MASTS Deep Sea Collaboration Project (Survey 0915S) – update 21 July 2015

July 21, 2015 by No Comments | Category Collaborations, Marine Directorate Science, Research Vessel Surveys

Our update of the Deep Sea survey continues…..

Day 2

Steaming west, passed the Butt of Lewis, the Flannen Isles, St Kilda, off the continental slope and into the Rockall Trough. The winds are easing and the sea state is improving all the time. Between construction of the multicore and final preparation of the lander,a sperm whale was spotted spouting in the distance. By midnight we were hovering in a depth of 1800 m about to deploy the whale bone lander. Alan Jamieson of Aberdeen University’s Oceanlab has designed to lander to study the rates and processes by which a group of specialist worms devour whale bones. Time lapse cameras will take pictures over the next year. A few last minute checks and over she went, the strobe beacon descending until its pressure sensors turned it off and it made its way 1800 m to the seabed. One of the graduate students aboard specialises in making 3-D digital images and has created a model of the whale skull, it can be seen here. She will make similar 3-D reconstructions of the creatures we find on the survey.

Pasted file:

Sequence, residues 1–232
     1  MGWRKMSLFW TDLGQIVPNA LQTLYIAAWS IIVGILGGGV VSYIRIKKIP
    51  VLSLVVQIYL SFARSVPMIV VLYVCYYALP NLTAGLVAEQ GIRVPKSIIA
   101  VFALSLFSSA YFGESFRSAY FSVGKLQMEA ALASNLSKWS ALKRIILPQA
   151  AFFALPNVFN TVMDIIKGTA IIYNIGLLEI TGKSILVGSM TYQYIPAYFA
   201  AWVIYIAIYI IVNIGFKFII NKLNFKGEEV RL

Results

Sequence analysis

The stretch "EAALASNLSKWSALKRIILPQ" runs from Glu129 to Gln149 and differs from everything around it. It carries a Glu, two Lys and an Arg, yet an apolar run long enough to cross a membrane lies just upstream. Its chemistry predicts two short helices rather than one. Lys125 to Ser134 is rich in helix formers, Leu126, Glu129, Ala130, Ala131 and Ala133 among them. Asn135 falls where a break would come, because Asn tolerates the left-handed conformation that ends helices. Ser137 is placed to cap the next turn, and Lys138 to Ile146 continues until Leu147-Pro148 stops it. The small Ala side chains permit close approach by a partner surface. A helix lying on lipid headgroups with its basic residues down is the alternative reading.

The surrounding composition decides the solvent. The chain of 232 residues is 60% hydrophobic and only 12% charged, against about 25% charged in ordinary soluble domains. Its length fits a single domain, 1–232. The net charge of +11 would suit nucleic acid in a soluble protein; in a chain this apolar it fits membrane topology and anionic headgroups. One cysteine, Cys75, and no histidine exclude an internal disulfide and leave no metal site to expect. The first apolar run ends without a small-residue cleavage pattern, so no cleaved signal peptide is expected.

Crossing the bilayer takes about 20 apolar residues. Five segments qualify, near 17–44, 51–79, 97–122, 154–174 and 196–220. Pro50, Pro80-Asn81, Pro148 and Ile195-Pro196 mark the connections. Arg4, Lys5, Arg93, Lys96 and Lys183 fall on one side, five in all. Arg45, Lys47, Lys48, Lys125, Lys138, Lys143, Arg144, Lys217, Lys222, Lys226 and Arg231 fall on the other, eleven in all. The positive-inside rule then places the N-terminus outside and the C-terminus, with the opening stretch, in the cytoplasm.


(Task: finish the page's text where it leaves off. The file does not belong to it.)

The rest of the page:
Day 3

Steaming to the Hatton Rockall Basin. The site sits at the base of Rockall bank – it’s a small trench 1200 m deep and some 2 miles long by half a mile wide. We arrive around midday and first up the Oceanlab team deploy their baited lander hoping to attract scavenging fish in the area to photograph. Next up we get the TV camera ready. Neil Collie and Mike Stewart of MSS remotely fly the TV ‘chariot’ over the seabed at a height of about 2-4 m taking HD video footage of the seabed. To begin with it is a familiar deep-sea floor – worm burrows and starfish, the odd seapen and sponge. Then suddenly the visibility begins to get poor due to particulate matter in the water. It like it’s snowing down there. Then suddenly some odd features are seen to snake their way across the seabed – greenish with white patches. The particulate matter gets heavier until it’s like driving in a blizzard, then all of a sudden its so thick we can’t see the seabed anymore and we’re only 1-2 m above it. Driving the chariot blind for another half hour we eventually bring the camera back. Very strange.

Francis Neat, Marine Scotland Science


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